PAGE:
DETROIT -- The sight of Nick Castellanos running over from third base into short right field has become a trademark sight of the Tigers' defensive infield shifts under manager Brad Ausmus. Every once in a while, though, the Tigers shift more traditionally, with Castellanos moving over a few steps toward shortstop and Jose Iglesias joining Ian Kinsler on the right side of the infield.
It became more apparent against the A's, notably right fielder Josh Reddick. It's not a retreat from the shift they've normally been doing. It's a reaction to the hitter they're shifting against.
"Against [Josh] Reddick, when we shift, we spread the shift out on the right side of the infield," Ausmus said. "So we'd rather have the three fastest guys over there, because it's spread out so much. And against [Stephen] Vogt, it's more condensed, so we send Nick over. With Reddick, because it's spread out, we can push Kinsler back, and Kinsler's got more range out there in the larger space. That's all that is."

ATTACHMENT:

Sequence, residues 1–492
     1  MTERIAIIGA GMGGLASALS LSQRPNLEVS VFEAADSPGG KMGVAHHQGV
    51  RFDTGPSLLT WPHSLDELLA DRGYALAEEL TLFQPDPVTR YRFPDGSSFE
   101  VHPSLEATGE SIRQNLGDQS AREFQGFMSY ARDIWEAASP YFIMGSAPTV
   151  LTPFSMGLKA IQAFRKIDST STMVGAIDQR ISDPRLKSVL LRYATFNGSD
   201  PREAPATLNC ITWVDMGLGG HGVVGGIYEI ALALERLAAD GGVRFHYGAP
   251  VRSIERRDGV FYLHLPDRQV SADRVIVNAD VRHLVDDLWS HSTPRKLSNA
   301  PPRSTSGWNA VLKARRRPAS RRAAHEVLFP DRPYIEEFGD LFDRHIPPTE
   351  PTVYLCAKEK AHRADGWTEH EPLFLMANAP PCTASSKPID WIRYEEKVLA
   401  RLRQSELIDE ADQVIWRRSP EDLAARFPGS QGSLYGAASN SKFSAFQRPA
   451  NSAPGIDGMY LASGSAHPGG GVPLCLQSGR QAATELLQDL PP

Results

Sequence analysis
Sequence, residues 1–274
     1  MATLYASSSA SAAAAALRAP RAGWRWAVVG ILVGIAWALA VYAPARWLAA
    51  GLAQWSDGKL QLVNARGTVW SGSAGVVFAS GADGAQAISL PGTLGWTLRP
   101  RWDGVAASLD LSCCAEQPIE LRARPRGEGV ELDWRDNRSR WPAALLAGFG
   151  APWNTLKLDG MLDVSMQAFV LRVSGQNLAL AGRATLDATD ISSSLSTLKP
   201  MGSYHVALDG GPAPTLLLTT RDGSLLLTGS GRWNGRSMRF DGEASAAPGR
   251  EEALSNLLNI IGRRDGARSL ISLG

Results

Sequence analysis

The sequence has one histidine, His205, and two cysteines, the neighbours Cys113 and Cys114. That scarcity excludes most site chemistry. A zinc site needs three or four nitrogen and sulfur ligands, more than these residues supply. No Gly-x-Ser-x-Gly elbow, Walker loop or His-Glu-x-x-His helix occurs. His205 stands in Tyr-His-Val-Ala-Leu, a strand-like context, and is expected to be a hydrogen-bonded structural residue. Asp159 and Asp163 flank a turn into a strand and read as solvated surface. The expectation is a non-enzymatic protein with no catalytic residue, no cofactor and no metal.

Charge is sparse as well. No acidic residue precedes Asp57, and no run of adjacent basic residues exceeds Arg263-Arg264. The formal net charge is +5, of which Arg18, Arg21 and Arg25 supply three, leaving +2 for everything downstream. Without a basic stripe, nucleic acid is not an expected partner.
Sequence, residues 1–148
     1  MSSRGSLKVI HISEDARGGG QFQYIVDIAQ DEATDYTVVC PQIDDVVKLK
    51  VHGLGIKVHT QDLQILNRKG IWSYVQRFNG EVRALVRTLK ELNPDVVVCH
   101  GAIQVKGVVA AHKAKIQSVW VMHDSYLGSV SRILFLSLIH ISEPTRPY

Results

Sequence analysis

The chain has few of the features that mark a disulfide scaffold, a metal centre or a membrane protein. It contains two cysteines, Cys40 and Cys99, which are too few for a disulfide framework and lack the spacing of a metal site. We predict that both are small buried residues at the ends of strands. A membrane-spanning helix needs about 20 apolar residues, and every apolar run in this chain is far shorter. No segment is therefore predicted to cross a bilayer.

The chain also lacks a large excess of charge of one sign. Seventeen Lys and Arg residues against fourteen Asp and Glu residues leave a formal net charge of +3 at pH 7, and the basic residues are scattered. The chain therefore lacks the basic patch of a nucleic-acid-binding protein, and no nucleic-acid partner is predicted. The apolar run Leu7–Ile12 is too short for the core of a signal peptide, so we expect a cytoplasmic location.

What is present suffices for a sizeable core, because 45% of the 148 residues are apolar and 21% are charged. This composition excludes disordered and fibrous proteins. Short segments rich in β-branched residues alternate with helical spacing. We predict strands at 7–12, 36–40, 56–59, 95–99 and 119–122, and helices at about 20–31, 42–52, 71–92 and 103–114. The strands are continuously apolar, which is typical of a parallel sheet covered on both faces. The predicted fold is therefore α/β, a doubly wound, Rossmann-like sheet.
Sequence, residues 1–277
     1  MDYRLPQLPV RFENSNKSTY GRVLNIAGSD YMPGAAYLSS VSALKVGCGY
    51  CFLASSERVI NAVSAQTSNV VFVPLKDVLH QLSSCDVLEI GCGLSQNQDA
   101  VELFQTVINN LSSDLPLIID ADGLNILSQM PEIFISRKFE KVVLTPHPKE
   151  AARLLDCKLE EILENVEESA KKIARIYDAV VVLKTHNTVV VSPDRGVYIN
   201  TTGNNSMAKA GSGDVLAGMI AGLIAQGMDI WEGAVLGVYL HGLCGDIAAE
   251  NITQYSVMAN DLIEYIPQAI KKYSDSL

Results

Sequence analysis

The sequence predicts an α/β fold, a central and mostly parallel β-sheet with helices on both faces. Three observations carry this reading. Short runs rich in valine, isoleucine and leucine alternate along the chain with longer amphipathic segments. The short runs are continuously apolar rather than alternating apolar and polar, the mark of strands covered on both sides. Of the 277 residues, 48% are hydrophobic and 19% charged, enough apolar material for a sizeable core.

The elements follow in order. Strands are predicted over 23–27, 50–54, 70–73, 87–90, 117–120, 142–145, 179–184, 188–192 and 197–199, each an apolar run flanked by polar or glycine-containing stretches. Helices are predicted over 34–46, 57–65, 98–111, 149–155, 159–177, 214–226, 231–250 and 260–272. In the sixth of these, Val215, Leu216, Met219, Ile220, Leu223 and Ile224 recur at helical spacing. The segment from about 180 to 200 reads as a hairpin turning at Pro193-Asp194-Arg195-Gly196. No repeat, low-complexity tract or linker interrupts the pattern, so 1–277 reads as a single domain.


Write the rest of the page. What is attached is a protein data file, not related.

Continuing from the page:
The Tigers don't have nearly as many variations on their shift as some other teams. More of their infield movement involves a step or two to one side or the other, based on hitter tendencies. Still, when their left side of the infield includes one of the rangier shortstops in the game, they might as well put him in a position to reach as many balls as he can.
Jason Beck has covered the Tigers for MLB.com since 2002. Read Beck's Blog, follow him on Twitter @beckjason and listen to his podcast. This story was not subject to the approval of Major League Baseball or its clubs.